The average ulnar length from the tip of the olecranon to the tip of the styloid was of 254 mm. The ratio between this average and the value of the ulnar length of each specimen was taken as a reference to determine the results of the final measurements, which are represented as adjusted x and y values ([Table 1]).

Table 1

Specimen number

Specimen name

Gender

Side

Ulnar length (mm)

Ratio

Number of branches

Coordinates (x; y) (mm)

X (mm)

Y (mm)

Adjusted X (mm)

Adjusted Y (mm)

1

1

Male

Right

275

1.080550098

1

(+30; -25)

30

−25

32.42

−27.01

2

2a

Male

Left

290

1.139489194

1

(-50; -30)

50

−30

56.97

−34.18

3

2b

Male

Right

290

1.139489194

2

(+50; NA) (0; 0)

50

0

56.97

0

4

3a

Male

Left

258

1.013752456

1

(-45; -25)

45

−25

45.62

−25.34

5

3b

Male

Right

258

1.013752456

1

(NA; -30)

−30

0

−30.41

6

4a

Male

Left

250

0.982318271

1

(-25; -10)

25

−10

24.56

−9.82

7

4b

Male

Right

250

0.982318271

1

(+10; -15)

10

−15

9.82

−14.73

8

5a

Female

Right

215

0.844793713

1

(+25; -20)

25

−20

21.12

−16.9

9

5b

Female

Left

215

0.844793713

2

(-20; -15) (-25; NA)

20

−15

16.9

−12.67

10

6a

Male

Left

235

0.923379175

3

(-30; -19) (NA)

30

−19

27.7

−17.54

11

6b

Male

Right

230

0.903732809

2

(+58; -19) (NA)

58

−19

52.42

−17.17

12

7a

Male

Left

230

0.903732809

1

(-38; -23)

38

−23

34.34

−20.79

13

7b

Male

Right

230

0.903732809

1

(+13; -5)

13

−5

11.75

−4.52

14

8a

Male

Right

270

1.060903733

1

(+20; -20)

20

−20

21.22

−21.22

15

8b

Male

Left

265

1.041257367

2

(-40; NA)(NA)

40

41.65

0

16

9a

Male

Right

280

1.100196464

1

(+56; -25)

56

−25

61.61

−27.5

17

9b

Male

Left

270

1.060903733

1

(+36; +15)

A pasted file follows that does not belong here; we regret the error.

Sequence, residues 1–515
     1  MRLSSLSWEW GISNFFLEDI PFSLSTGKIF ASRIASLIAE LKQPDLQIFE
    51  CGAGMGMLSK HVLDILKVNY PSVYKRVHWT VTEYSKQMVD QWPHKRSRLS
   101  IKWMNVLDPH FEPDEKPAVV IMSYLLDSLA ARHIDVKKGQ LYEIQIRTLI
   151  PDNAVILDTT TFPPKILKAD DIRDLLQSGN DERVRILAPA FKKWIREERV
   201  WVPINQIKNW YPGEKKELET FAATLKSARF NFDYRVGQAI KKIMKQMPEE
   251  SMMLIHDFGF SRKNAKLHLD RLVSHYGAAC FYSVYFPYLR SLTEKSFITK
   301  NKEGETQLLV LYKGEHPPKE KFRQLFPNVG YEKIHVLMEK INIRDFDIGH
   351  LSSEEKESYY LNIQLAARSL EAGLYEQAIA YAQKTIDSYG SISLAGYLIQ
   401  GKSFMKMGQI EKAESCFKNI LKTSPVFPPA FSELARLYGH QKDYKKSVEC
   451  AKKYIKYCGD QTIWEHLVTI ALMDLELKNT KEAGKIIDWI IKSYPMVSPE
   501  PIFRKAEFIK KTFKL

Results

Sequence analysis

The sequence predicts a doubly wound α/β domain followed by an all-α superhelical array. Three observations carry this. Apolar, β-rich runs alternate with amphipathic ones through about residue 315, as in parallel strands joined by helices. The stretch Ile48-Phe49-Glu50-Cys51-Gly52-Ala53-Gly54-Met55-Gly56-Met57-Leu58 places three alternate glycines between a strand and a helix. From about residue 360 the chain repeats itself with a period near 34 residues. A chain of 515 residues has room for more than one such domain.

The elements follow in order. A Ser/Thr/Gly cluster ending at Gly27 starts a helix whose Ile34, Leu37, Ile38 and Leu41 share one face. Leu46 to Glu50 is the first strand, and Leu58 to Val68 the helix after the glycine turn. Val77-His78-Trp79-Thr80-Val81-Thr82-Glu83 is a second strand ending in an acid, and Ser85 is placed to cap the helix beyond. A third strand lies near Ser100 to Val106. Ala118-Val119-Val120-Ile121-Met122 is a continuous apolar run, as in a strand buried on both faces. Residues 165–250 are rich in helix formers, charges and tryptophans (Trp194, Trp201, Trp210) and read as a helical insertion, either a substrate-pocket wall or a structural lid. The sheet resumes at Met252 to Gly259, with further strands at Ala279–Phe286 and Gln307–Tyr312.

−36

15

−38.19

15.91

18

10a

Male

Right

230

0.903732809

1

(+35; -20)

35

−20

31.63

−18.07

19

11a

Male

Left

270

1.060903733

2

(-15; -18) (-21; NA)

15

−18

15.91

−19.1

20

11b

Male

Right

270

1.060903733

1

(+9; -12)

9

−12

9.55

−12.73

254.05

1.35

26.7

−15.69

30.53

−18.81

30.31

−17.61

Regarding the number of branches, one posterior branch was identified in 70% of the specimens, 2 branches, in 25%, and 3 branches, in 5%.

During the dissections, crucial steps were identified to facilitate the location of these branches. The posterior branch of the MACN was identified deep in the subcutaneous cellular tissue and superficial to the muscle fascia in all specimens. In 95% of the specimens, the posterior branch of the MACN passed proximally and posteriorly to the medial epicondyle. Only in one specimen it passed distally and anteriorly to this anatomical point ([Fig. 2]: specimen 9b). The adjusted values of x and y of this specimen were not taken into account for the final average.

Zoom Image
Fig. 2 Case 9b: Only case that crossed the elbow anterior to medial epicondyle.

Using the same measuring and recording instruments, the measurements were presented in a standardized way. The average adjusted value of x was of 30 mm, and the average adjusted value of y was of -18 mm. Additionally, with this schematic representation, we were able to determine that the posterior branch passes at an angle of 30° on average in relation to the x axis.